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A closer look at the Yankees' bullpen for 2019

Yankees closer Aroldis Chapman throws a bullpen session

Yankees closer Aroldis Chapman throws a bullpen session in Tampa during spring training on Feb. 16, 2019. Credit: Newsday/Thomas A. Ferrara

TAMPA, Fla. — The Yankees’ bullpen was among the most potent in the big leagues in 2018.

The group ranked fourth in the majors in ERA (3.38), but that didn’t even begin to tell the story.

The unit collectively accumulated a league-leading 753 strikeouts in 594 2⁄3 innings, second-most by a bullpen in major-league history (the Rays, who frequently used relievers as “openers” last year, got 754 strikeouts in 824 1⁄3 innings from their bullpen).

In ranking first in baseball with a 9.7 WAR, per FanGraphs, the Yankees’ bullpen featured four of the majors’ top 17 relievers in strikeouts — Dellin Betances (third with 115), Chad Green (tied for 11th with 94), Aroldis Chapman (tied for 14th with 93) and David Robertson (17th with 91).

Super-impressive numbers all — and numbers more than a few think can be surpassed by this year’s unit.

“They really have five guys with closer stuff,’’ one opposing team scout said early in spring training. “You’re doing good if you have one or two.”

Robertson, whom the Yankees did not try to retain, signed a free-agent deal with the Phillies. But Chapman, Betances (he starts the season on the injured list) and Green are back, as is Zack Britton, a trade-deadline acquisition in 2018 who re-signed as a free agent and is the healthiest he’s been since 2016, when he posted a 0.54 ERA with the Orioles.

Replacing Robertson? Righty Adam Ottavino, the New York City native whom the Yankees brought aboard as a free agent on a three-year $27 million deal. He is coming off a season with the Rockies in which he struck out 112 in 77 2⁄3 innings.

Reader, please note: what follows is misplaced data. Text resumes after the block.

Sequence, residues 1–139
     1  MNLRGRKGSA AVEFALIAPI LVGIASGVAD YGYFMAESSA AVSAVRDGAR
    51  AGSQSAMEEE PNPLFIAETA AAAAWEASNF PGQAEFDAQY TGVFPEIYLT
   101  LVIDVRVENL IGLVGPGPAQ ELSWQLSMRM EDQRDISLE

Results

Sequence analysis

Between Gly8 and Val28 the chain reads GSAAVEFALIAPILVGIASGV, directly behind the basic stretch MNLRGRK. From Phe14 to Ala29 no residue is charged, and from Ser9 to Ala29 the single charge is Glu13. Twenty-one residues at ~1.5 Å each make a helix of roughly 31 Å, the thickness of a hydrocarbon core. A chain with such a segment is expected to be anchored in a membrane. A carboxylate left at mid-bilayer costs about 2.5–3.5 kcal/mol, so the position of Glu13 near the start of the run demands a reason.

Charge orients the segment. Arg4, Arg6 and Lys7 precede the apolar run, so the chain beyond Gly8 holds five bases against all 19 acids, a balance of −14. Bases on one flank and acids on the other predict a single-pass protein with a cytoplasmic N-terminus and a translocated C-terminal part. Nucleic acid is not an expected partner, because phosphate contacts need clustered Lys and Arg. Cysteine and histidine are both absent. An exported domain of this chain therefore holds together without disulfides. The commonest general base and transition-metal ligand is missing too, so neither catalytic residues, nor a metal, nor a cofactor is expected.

Jonathan Holder and Tommy Kahnle, both of whom were mostly terrific throughout spring training, are capable of big strikeout numbers and give Aaron Boone even more options.

“I don’t really rate them because it’s going to come down to performance at the end,” said Larry Rothschild, who is entering his ninth season as Yankees pitching coach and has seen his share of standout bullpens in that time. “They have the potential to be really, really good.”

The only definitive role, as of now, belongs to Chapman, who will close. Otherwise, it could be any reliever at any time.

“A lot of depth,” Green said of the arms. “Especially to give guys a day [off] here and there is huge. Obviously, it’s a long season, so if you need to give a Chapman a day, Britton can close, Dellin can close. Pretty much we have at least [five] closers down there, so it’s going to be fun to watch for sure.”


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